10. ESOP Administration • Must constitute a Compensation Committee (CC) of the Board –to consist of majority independent Directors • Prescribed particulars must be disclosed to prospective Option grantee • CC responsible for framing policies and systems to ensure compliance with Insider Trading and Fraudulent and Unfair Trade Practices in Securities Market Regulations • CC shall formulate terms and conditions including: - quantum of Options to be granted per employee and in the aggregate - conditions under which vested Options may lapse upon termination or misconduct - exercise period both during employment and after termination - mode of exercise: all at one time or in installments - procedure for cashless excercise

  11. ESOP Procedural – Flowchart intimating allotment to Concerned Employee Convey allotment to CC Drafting of ESOP Scheme Hold BM for allotment of Shares Entry into Register of Members Consideration of ESOP Scheme by Board & proposing constitution of ‘Compensation Committee’ (CC) Employees exercising options – forwdngapplication to CC Reporting to: ROC RBI, if applicable Consideration of ESOP Scheme in EGM & authorisation for Constitution of CC. Communicate – Vesting period Acceptance of Grant Meeting of CC - determination of eligibility criteria, exercise price, vesting Period, exercise period etc. Communicate – Grant of options to Employees

  12. Employee Stock Purchase Scheme Employee Stock Purchase Scheme (ESPS) means a scheme under which the company offers shares to employees as part of a public issue or otherwise. .

  13. Shareholders Approval • Special resolution to be passed in General Body meeting • Notice shall specify: Price of shares No of shares offered Eligibility No of shares to be issued

  14. Pricing and Lock-in • Shares issued under ESPS shall be locked in for a minimum period of one year from the date of allotment • If ESPS is part of public issue and if shares issued at same price to employees there is no lock in required • Company has a freedom to determine price of shares to be issued under ESPS provided they Conform to the provision laid down by company law

  15. ADVANTAGES, DISADVANTAGES & LIMITATION OF ESOP • Advantages • Awareness of company success • Employee commitment and satisfaction • Spurs change • Heightened decision making • Encourages reengineering Disadvantages • Stock markets are highly volatile • ESOP can increase the financial risk of employees in case they over-invest in their company • The difference between the ‘fair value’ and the discounted ‘exercise price’ has to be treated as employee compensation and as such the same has to be debited to the profit and loss account of the company • In case the ESOP scheme has a lock-in-period after allotment of shares, then it leads to blocking of funds. • ESOP leads to dilution in the shareholding percentage of other shareholders including the promoter group.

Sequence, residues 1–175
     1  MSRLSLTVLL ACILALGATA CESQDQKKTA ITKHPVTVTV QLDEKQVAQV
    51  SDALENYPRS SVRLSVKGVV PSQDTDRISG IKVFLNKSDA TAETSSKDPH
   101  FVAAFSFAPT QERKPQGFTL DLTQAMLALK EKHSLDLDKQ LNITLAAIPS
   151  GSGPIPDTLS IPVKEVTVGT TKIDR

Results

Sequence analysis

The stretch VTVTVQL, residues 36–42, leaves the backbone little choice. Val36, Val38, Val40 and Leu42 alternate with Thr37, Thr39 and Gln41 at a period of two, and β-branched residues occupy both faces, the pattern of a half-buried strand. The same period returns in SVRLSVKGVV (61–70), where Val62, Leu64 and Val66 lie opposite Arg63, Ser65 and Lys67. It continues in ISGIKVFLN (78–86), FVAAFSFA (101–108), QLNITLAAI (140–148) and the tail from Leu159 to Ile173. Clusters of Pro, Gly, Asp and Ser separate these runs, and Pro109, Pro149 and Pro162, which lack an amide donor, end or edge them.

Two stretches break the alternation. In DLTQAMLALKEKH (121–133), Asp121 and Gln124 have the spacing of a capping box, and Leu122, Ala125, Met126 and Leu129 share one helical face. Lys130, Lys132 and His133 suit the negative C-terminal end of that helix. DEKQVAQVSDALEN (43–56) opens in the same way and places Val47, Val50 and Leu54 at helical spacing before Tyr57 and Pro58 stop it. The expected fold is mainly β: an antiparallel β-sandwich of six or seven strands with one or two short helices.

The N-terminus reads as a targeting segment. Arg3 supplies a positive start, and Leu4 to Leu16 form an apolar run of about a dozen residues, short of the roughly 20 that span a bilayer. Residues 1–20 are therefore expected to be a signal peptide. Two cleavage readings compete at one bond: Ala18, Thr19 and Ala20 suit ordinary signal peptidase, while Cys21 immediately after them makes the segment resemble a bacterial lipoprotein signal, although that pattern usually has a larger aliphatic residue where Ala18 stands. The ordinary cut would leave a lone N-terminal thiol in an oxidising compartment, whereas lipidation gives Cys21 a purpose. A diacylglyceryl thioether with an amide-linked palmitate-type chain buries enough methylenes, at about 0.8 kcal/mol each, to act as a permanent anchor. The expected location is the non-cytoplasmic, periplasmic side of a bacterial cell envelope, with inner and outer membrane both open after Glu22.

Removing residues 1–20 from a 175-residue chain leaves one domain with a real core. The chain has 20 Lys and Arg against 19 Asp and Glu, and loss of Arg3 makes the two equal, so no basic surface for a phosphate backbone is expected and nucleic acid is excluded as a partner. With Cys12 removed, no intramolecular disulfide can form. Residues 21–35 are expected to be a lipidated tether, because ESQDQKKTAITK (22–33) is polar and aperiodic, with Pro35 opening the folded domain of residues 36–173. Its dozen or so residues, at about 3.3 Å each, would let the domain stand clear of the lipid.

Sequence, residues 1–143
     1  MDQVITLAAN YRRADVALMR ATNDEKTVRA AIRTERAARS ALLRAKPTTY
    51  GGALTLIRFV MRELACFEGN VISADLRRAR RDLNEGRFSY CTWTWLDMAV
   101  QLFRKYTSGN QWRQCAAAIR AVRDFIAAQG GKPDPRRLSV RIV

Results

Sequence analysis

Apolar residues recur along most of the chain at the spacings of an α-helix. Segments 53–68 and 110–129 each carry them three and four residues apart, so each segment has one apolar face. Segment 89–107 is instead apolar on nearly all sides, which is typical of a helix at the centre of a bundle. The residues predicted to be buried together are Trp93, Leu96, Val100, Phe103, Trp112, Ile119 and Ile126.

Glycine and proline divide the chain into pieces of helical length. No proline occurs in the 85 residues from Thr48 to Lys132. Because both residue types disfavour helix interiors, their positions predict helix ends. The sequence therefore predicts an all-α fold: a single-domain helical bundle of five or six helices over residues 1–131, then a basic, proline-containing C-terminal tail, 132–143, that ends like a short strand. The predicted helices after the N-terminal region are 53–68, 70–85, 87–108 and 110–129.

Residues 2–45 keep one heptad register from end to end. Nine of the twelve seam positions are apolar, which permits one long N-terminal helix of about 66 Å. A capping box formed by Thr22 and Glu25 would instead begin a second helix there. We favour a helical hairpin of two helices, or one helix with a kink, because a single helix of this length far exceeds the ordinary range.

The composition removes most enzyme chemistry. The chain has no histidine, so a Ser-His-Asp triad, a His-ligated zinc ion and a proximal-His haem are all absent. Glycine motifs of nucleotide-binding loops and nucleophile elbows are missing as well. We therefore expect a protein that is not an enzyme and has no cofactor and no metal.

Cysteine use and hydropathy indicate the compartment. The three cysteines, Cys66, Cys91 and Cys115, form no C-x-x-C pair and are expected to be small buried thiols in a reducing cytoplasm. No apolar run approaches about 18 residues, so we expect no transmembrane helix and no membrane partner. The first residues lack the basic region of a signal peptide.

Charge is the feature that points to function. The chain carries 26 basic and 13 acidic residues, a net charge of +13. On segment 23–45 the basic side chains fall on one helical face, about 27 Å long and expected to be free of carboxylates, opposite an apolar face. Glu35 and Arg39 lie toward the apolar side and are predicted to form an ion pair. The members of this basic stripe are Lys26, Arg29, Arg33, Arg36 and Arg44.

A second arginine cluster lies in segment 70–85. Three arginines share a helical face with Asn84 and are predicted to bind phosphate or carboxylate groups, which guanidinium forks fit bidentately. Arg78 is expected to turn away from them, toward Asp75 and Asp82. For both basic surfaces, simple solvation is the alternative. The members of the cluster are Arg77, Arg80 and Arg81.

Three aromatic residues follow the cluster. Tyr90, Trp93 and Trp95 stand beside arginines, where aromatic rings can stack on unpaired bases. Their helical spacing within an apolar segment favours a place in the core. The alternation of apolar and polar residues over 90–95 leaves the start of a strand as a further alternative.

16. Designing an ESOP Scheme

  17. ESOP - Option Valuation

  18. Compliances – Listing of Shares

  19. Perspectives

  20. When are they taxed? • The ESOP is not taxed on acquiring the shares. • You are taxed on the profit you make when you sell the shares or transfer them. • Transfer here refers to when you gift it to someone or transfer it to someone else under an irrevocable deed (they now own it, not you).

  21. FBT on ESOPshas been abolished ESOPs have been included in the purview of Perquisites under Section 17 (2). The value of the ESOPs determined on the date of exercise, as the difference between the fair market value of the shares as on the date of exercise and the exercise price, would be taxable as a perquisite in the hands of the employees. • In section 17 (2) of Income-tax Act, the following sub-clauses are being substituted for clause • (vi) with effect from the 1st • day of April, 2010 .

  22. The taxability depends on the nature of gain at the time of sale.  • If you have a short-term capital gain, you have to pay tax at the rate of 10% (plus surcharge if applicable).  • Long-term gains are exempt from tax. What if they are listed and sold in India?

  23. This depends on whether you are a resident or non-resident Indian. • If you are a non-resident, it will not be taxable, as the gains occur outside India , unless the money is received in India. • If you are a resident in India, then you will be taxed on the gains. • Long-term capital gain is taxed at 20%. • Short-term capital gain is added to your overall income and taxed according to your slab rate What if they are listed abroad and sold abroad?